|Location||Royal Mile, Edinburgh, Scotland|
|Owner||City of Edinburgh Council|
The Museum of Childhood is a museum which houses a collection of children's toys and playthings, situated on the Royal Mile, in Edinburgh, Scotland. It was the first museum in the world to specialise in the history of childhood.
The collection, which ranges from the 18th to the 21st century, was originally the work of Patrick Murray (1908-1981), an Edinburgh Councillor and passionate collector of toys and childhood memorabilia. It first opened to the public in 1955 and moved to its present home on Edinburgh's royal mile in 1957 housed in what was formerly the Salvation Army's hall.
In 1986 the museum expanded into neighbouring properties to expand the floor and display space. Highlight items in the collection include a teddy bear brought to the UK by a child on the Kindertransport, a dollhouse with working lighting and plumbing systems and a Queen Anne doll from 1740.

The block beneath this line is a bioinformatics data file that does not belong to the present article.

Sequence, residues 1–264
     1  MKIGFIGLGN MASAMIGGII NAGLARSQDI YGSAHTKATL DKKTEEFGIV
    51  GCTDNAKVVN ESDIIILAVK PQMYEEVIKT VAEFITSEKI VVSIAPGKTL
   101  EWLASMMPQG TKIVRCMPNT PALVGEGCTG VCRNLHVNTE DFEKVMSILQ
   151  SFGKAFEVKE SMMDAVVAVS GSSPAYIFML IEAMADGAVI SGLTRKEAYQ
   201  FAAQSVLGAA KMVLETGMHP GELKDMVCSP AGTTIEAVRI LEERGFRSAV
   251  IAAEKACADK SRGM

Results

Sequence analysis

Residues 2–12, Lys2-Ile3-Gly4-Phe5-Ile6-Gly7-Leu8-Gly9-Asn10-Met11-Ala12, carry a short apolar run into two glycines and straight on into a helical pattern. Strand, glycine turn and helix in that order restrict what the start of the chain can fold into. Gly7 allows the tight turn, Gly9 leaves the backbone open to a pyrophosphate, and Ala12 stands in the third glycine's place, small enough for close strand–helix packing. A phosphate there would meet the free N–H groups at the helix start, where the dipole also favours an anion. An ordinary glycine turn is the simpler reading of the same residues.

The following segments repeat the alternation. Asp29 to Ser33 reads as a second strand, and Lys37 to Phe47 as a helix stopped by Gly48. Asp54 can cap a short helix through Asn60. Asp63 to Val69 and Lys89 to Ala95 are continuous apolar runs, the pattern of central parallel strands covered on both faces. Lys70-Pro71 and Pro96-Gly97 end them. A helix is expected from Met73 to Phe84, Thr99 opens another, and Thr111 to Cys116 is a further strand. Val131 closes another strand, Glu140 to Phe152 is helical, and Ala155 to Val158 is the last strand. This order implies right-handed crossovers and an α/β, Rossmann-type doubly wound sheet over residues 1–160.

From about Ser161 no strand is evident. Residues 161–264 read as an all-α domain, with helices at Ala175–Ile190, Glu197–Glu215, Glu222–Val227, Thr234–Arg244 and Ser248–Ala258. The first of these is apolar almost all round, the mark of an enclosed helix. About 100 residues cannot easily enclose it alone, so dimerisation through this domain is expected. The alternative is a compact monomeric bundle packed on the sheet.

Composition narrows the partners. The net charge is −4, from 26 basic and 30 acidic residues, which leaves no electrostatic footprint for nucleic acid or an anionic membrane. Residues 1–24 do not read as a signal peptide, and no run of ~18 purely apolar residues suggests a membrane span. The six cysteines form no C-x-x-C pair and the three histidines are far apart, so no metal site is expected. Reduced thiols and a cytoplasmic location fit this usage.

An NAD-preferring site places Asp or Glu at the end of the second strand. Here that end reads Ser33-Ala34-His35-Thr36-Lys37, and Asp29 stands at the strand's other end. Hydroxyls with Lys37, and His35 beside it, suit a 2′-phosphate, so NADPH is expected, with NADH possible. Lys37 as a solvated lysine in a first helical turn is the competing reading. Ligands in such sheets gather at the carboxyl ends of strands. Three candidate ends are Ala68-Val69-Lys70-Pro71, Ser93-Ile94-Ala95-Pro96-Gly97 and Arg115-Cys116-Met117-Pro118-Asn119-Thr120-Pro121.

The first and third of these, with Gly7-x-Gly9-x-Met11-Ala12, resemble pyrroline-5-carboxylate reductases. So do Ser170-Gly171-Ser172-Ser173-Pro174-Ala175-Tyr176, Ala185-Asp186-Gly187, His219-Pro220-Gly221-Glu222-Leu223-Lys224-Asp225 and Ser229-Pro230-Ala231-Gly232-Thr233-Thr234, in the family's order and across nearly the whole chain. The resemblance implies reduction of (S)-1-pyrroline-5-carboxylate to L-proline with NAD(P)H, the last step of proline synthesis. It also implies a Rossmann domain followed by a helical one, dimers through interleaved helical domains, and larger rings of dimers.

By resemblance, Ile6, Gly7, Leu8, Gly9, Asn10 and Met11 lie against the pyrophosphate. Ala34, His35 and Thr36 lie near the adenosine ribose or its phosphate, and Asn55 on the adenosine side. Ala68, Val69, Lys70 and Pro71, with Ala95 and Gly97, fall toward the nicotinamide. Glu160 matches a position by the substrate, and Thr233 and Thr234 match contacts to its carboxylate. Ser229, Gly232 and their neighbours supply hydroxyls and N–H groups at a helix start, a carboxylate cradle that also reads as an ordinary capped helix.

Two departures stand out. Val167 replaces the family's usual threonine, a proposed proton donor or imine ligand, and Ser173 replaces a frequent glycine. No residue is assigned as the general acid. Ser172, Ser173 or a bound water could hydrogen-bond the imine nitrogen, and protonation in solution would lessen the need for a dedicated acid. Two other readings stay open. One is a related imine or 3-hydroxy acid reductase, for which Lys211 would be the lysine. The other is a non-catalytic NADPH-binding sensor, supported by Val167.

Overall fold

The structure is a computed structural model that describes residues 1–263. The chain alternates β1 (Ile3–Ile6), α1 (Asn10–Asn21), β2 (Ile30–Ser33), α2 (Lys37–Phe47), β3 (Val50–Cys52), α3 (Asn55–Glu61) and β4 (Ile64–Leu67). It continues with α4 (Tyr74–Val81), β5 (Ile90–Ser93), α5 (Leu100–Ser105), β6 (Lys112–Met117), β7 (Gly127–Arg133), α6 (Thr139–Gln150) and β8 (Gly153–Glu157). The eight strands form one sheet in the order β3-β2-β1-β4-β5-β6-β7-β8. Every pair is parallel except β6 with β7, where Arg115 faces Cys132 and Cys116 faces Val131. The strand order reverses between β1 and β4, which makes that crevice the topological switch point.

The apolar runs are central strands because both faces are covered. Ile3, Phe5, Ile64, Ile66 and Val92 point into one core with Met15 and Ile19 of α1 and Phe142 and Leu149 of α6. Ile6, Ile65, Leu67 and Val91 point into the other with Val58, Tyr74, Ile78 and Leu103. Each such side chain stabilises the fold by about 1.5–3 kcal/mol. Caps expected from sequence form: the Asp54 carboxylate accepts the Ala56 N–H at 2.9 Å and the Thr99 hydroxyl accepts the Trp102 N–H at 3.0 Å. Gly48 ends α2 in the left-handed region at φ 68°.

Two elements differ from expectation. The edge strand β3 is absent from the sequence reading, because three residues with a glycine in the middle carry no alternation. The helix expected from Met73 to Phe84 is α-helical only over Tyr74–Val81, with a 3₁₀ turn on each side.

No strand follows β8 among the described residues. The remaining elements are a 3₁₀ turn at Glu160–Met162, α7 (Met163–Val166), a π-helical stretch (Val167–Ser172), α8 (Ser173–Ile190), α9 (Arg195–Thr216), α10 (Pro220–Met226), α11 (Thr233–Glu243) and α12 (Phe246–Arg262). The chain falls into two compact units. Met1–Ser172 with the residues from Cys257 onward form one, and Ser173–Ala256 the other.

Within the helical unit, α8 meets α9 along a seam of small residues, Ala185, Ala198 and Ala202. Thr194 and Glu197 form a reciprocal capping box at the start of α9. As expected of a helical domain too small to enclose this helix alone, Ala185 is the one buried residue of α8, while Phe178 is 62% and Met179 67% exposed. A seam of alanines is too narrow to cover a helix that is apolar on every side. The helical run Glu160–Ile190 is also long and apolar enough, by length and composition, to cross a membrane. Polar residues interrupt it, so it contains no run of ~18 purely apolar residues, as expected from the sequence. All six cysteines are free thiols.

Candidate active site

In 2017 the museum underwent a major refurbishment including the installation of new display cabinets and lighting for exhibits. The refurbishment also saw the installation of a new digital photo gallery which offers a look at the changing way children grew up across the twentieth century. In 2017 it was estimated that the museum had around 225,000 visitors per year and it had around 60,000 objects in its collection.
The museum has a number of interactive spaces to encourage play amongst younger visitors. Admission to the museum is free and it is run and owned by City of Edinburgh Council.
The collection includes one of the Scottish Government's baby boxes as of 2018. This is a maternity package offered to all new parents in Scotland.